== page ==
Scotland is the latest to announce tightened restrictions on click and collect, requiring the service to be used for essential items only and to take place solely outdoors.
During the nationwide November 2020 lockdown, Prime Minister Boris Johnson endorsed the use of curbside click and collect services for retailers. However, with Covid-19 cases continuing to soar, the government is now clamping down on all potential contact points deemed unnecessary, and click and collect has come into the crosshairs.
Scotland’s First Minister, Nicola Sturgeon, announced that only shops selling essential items, such as clothing, footwear, baby equipment, homeware and books, will be allowed to offer click and collect. She also pointed out that collections must be outdoors, with appointments staggered to avoid queuing.
Retailers offering click and collect services need to start thinking seriously about what steps they can take to increase customer safety in case similar measures are enforced across the UK and Europe.
Curbside click and collect is a proven way for retailers to drive greater online sales while stores are closed. Even when stores have been open, consumers have been largely avoiding them, with many preferring to collect online orders from outside of the store. Retailers implementing these services now will benefit beyond just this lockdown period. Our recent survey of 2,000 UK consumers has found modern consumers wanted these types of services outside of the pandemic and that Covid-19 will act as a catalyst for retailers to implement these new omni-channel services.
Here’s how retailers can ensure their curbside click and collect customer journeys are safe, quick and contactless.
1) Eliminate physical queues for click and collect
One of the main safety concerns with click and collect journeys is queuing. Customers arriving at or outside of stores to collect orders can be asked to wait in queues for long periods of time while their orders are being prepared, which poses an unnecessary threat to customers and passers by.
A good antidote to this problem that has proved especially popular is virtual queuing – where the customer joins a queue on their mobile phone and receives real-time updates when it is time to return to store as well as an estimated wait time and a position in the queue. This means customers can wait in their cars, or go for a walk, and return when it is time to collect their orders.
This is a service that luxury department store retailer, Selfridges, is currently offering at its London store. Customers join a virtual queue via QR code and receive an SMS when it is time for them to return to the collection point. But Selfridges also gives its customers the option to preselect a specific date and time-slot to collect their orders, and they can also collect via its drive-up option, where they are guided to a designated collection point in the car park and their orders are delivered directly to their car boots.
2) Make collection points outside only
To make the click and collect service safe for customers and employees, it’s also worth making your collection points outside of store. As a result, many leading retailers have collection points set up directly at their store entrances and are delivering orders directly to their customers’ car boots.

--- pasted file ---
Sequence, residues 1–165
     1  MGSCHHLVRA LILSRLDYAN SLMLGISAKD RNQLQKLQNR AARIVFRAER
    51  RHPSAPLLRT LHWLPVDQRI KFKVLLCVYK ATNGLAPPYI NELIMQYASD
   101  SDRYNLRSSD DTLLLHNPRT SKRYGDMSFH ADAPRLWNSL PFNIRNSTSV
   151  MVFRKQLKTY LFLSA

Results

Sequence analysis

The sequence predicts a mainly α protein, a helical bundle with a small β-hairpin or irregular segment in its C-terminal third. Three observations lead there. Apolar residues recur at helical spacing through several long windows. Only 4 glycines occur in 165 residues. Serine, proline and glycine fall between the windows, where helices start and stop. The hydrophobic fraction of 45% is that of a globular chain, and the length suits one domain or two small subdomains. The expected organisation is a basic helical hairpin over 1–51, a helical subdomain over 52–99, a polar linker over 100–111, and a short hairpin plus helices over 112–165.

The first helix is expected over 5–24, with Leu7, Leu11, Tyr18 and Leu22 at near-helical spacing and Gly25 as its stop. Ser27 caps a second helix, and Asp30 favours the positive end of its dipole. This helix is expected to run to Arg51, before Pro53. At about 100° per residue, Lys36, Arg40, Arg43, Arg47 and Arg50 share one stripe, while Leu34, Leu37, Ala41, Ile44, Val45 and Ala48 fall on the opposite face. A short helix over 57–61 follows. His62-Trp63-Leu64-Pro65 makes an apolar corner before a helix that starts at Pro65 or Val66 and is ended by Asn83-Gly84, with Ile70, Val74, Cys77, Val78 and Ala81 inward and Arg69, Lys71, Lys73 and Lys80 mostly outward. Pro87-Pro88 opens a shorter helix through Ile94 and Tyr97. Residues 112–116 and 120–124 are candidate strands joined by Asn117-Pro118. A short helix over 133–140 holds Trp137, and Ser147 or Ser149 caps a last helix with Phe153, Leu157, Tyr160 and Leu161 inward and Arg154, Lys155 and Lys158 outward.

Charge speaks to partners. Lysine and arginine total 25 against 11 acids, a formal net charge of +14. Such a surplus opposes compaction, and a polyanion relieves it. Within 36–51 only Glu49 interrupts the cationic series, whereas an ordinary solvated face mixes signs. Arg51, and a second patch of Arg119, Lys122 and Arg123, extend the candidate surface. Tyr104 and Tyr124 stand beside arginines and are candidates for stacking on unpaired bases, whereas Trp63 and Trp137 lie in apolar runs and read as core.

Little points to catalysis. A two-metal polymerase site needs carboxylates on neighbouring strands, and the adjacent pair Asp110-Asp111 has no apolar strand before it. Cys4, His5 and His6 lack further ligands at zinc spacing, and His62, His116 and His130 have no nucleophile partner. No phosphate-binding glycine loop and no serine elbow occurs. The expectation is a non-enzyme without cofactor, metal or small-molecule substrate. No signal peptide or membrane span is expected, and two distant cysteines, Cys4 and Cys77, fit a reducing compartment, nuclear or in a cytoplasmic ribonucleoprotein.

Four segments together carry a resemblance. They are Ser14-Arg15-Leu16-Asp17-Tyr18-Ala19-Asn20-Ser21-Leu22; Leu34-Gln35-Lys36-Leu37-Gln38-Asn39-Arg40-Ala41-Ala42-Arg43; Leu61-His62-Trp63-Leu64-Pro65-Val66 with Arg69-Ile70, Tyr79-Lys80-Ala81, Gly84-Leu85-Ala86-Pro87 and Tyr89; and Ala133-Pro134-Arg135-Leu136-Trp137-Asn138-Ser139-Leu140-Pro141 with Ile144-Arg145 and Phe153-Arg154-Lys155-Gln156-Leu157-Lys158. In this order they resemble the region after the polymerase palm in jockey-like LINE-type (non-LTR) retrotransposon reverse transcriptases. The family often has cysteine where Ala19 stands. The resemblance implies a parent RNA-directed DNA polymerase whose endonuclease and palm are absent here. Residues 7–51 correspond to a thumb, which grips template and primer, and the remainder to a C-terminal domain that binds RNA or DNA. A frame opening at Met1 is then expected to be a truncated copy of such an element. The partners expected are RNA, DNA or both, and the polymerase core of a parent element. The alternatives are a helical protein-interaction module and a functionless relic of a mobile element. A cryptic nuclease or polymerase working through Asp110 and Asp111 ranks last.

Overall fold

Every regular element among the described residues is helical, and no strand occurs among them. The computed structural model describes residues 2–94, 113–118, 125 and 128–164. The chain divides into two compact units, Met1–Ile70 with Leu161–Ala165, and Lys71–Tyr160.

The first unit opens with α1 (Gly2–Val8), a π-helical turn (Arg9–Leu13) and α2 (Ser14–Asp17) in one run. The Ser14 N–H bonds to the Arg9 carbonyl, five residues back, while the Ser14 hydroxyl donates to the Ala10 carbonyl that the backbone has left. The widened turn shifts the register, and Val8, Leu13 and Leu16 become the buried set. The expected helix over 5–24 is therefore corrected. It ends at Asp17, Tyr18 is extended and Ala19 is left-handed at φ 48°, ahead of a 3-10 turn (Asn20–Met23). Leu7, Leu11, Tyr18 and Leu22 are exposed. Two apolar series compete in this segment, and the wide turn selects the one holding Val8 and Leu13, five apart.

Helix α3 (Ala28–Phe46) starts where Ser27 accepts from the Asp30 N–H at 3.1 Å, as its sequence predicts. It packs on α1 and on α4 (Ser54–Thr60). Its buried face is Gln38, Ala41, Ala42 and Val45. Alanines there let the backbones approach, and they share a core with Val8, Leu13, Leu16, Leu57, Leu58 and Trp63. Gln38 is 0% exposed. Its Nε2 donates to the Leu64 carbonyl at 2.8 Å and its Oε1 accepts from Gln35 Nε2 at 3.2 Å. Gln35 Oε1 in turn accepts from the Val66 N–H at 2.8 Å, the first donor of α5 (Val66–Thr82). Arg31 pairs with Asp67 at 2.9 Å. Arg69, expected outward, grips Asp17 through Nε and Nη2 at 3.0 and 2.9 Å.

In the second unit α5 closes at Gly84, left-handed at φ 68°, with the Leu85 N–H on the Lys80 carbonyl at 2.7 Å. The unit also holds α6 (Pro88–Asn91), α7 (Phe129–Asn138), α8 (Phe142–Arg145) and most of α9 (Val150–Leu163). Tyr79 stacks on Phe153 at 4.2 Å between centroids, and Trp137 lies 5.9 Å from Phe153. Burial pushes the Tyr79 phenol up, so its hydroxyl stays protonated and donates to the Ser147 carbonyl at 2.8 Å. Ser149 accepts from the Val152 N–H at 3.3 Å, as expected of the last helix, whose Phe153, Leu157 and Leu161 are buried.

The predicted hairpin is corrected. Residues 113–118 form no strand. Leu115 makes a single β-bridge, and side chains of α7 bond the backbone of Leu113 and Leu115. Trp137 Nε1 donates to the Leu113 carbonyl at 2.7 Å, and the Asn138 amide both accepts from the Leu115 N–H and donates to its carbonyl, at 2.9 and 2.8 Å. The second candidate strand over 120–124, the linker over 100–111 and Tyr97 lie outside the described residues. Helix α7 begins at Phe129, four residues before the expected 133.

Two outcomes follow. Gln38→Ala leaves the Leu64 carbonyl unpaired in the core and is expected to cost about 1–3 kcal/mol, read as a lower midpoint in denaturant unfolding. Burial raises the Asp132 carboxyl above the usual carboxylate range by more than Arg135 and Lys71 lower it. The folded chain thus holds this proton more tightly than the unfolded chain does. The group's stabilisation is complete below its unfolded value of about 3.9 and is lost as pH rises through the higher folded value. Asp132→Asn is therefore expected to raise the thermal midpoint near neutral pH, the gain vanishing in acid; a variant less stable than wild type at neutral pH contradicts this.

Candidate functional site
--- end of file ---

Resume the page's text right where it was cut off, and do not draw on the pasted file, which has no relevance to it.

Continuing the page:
Prominent electronics retailer, Dixons Carphone, offers a fast drive-through curbside click and collect service across 300 of its Currys PC World stores. This enables customers to buy products online and to collect them from the car park using Qudini’s virtual queuing technology.
Customers arriving at a store can check-in by accessing a weblink in their order confirmation email or through scanning a QR code at the front of the parking bay. Once checked in they receive their queue position by SMS and a live smartphone webpage that counts down while they wait.
A store associate then locates the customer’s order and drops it into the customer’s car boot, enabling the customer to drive in and out of the store without getting out of their car. The Qudini software enables customers to have an entirely safe and contactless pickup experience that is both efficient and engaging.
3) Replace physical contact with virtual communication
It’s also worth replacing contact points with virtual steps. For instance, instead of asking customers to check in with a member of staff to collect an order, allow them to check-in virtually on their phones to let store staff know they have arrived.
UK pet supplies retailer, Pets At Home, uses Qudini’s click and collect check-in software to allow customers to check in remotely from outside the store or in the car park.
Customers arriving at stores to collect their online orders are able to check-in from their phones, informing store teams that they have arrived, who then locate and prepare their orders and bring it to them. Meanwhile the customer will receive SMS updates and an on-screen countdown while they wait. The system offers customers a fast and convenient collection experience that encourages them to return more frequently.
Pets at Home also encourages its customers to use this service with effective promotion on its packaging.